Foye is an early-round value over the last month, posting January averages of 16.7 points, 3.5 rebounds, 4.3 assists, 0.9 steals, 0.3 blocks, 2.9 treys, and only 1.5 turnovers per game, while shooting an efficient .469 from the field, .406 from downtown, and .871 from the charity stripe. If you can find some reason to leave that kind of line unowned, I’d love to hear it.

If you want a sample size of what he’s capable of, he posted 33 points on 12 of 21 shooting last Wednesday, to go with 3 rebounds, 7 assists, 2 steals, and 3 threes. The game after that on Friday, his shot wasn’t falling (4 of 13 from the field), so he contributed 16 assists instead.

Many people have been anticipating a drop-off, but it has yet to happen. He’s enjoying a breakout since late December and he should be universally owned and started until further notice.

Buy Bradley Beal

Since being drafted third overall by the Wizards in the 2012 NBA Draft, Bradley Beal has missed more than a quarter of his team’s games due to injury. He has played in 24-straight contests since returning from a fractured fibula, but has done so with a minutes limit of 30 per game.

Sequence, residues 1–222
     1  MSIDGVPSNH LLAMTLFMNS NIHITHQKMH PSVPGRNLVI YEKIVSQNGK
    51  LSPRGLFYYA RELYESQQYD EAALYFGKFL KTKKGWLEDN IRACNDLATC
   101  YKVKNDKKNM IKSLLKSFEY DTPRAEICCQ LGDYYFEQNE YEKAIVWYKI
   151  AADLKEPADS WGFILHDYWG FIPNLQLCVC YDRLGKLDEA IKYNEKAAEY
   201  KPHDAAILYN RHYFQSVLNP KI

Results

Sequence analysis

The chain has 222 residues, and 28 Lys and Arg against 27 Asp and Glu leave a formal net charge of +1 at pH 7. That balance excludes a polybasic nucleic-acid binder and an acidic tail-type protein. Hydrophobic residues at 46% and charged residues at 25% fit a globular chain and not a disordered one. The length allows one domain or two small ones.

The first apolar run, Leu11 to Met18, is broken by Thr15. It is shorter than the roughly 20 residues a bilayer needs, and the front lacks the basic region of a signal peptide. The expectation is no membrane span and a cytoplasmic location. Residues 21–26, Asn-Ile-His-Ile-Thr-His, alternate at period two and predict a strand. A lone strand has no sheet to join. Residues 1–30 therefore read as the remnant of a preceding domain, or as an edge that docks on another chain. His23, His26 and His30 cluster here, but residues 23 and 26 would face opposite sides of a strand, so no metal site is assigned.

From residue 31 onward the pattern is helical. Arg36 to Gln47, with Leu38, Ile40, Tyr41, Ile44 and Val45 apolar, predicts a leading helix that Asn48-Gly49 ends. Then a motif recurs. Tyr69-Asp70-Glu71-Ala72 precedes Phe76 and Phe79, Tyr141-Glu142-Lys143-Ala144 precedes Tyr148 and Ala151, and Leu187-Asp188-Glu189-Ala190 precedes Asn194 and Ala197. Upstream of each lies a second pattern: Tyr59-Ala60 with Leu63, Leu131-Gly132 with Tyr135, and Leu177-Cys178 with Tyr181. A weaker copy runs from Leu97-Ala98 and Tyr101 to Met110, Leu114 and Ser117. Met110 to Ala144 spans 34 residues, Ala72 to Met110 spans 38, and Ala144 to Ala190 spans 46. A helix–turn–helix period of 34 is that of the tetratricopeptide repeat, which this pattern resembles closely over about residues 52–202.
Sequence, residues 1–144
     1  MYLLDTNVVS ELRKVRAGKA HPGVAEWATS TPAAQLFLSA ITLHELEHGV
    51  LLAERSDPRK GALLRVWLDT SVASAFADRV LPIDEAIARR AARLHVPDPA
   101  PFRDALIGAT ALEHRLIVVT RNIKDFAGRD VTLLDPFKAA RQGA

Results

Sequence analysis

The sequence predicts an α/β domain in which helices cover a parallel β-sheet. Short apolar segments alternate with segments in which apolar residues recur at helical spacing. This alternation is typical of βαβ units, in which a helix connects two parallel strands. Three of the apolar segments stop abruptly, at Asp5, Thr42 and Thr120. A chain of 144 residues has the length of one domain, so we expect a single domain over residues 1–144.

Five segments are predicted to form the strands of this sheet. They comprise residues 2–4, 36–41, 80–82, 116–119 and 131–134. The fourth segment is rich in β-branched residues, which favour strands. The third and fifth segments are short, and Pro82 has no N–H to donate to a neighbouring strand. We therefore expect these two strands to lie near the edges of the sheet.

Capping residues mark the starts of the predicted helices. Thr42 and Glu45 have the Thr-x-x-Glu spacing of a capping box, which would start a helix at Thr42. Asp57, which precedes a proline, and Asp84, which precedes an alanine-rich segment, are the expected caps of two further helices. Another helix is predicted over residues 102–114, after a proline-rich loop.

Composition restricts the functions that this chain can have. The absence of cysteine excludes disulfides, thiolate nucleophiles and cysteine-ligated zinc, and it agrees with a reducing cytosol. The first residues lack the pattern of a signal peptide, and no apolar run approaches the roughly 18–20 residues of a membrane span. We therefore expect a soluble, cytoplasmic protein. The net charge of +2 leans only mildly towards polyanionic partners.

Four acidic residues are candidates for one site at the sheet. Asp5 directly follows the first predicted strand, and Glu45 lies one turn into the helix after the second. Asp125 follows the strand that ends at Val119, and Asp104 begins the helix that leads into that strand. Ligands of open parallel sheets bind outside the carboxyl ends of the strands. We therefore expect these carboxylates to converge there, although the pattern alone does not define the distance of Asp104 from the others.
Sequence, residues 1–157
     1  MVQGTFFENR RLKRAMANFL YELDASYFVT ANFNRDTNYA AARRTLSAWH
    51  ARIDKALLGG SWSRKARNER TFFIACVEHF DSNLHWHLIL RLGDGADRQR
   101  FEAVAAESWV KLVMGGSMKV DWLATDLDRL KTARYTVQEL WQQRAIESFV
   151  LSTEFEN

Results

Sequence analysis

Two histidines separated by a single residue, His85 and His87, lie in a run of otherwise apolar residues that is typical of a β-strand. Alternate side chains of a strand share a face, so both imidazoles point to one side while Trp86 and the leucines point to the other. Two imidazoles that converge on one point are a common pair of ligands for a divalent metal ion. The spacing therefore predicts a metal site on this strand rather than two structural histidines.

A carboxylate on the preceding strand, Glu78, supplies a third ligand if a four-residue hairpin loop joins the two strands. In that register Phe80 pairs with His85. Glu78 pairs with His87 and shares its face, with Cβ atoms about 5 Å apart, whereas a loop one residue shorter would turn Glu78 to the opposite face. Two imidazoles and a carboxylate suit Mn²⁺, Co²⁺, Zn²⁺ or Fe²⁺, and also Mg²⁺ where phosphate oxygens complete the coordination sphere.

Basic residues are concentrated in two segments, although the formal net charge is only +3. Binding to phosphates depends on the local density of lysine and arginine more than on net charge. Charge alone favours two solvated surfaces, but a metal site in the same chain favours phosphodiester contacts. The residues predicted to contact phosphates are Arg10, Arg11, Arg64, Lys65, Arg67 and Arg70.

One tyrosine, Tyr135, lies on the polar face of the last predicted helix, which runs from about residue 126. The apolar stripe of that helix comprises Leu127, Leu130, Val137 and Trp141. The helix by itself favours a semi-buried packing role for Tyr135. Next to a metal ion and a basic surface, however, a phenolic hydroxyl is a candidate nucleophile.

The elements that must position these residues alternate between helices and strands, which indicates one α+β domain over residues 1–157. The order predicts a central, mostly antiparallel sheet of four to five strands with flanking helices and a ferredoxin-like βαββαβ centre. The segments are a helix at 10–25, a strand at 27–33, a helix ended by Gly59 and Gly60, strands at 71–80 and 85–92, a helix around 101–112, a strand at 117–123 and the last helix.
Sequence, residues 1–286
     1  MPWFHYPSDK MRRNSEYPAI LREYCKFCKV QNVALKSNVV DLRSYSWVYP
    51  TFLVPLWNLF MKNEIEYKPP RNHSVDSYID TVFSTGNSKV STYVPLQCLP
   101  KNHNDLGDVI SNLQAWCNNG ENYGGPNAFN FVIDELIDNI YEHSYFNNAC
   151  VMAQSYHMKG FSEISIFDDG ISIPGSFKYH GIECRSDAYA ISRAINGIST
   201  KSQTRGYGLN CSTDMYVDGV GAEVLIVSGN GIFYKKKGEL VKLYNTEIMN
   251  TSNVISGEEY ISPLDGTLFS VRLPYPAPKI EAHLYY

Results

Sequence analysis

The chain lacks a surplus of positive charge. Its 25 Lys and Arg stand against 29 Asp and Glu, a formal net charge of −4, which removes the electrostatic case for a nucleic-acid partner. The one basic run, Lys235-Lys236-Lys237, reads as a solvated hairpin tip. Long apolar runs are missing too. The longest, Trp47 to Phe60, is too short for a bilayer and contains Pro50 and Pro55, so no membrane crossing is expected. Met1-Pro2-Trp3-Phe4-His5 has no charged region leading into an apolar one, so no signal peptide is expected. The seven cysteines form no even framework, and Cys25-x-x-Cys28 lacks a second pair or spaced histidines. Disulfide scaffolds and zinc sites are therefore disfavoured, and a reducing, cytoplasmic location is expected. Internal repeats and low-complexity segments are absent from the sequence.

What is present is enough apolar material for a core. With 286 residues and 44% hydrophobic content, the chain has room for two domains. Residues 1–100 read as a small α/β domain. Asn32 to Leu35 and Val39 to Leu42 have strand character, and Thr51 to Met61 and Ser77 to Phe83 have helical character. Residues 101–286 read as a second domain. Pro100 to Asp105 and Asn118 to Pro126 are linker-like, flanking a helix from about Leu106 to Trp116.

Over that span, he has averaged 14.7 points, 3.5 rebounds, 3.1 assists, 1.0 steal, and 1.6 threes in 28.7 minutes per game. Coupling that with .413 shooting and 1.6 turnovers per game has yielded late-round value over that time. Decent, but not quite what owners were expecting when they picked him in the early- to mid-rounds of fantasy drafts this preseason.

Thankfully, an MRI this past week revealed sufficient enough healing in Beal’s leg to allow the Wizards to lift his minutes limit. In his first game without restrictions, he played 34 minutes, but put up a relative dud, tallying only 7 points on 3 of 12 shooting and not much else.

Right now might be your last chance to buy low on the promising second-year guard as you can rest assured that Saturday’s down performance won’t be indicative of what’s to come. Beal’s per-36 numbers this year are enticing at 18.4 points, 4.1 rebounds, 3.5 assists, 1.1 steals, and 2.2 threes per game. His .411 shooting from the field on the year can be a bit of a downer, but his .413 from long range and .808 from the free-throw line certainly aren’t.

If an owner has grown frustrated with Beal’s dip in production, don’t hesitate to throw out a few lowball offers to try getting him on your squad. His health problems seem to be fading in the rearview mirror and he’s definitely someone to target if you believe the injury-prone tag that he has been slapped with in his very young career is overblown.

Add Taj Gibson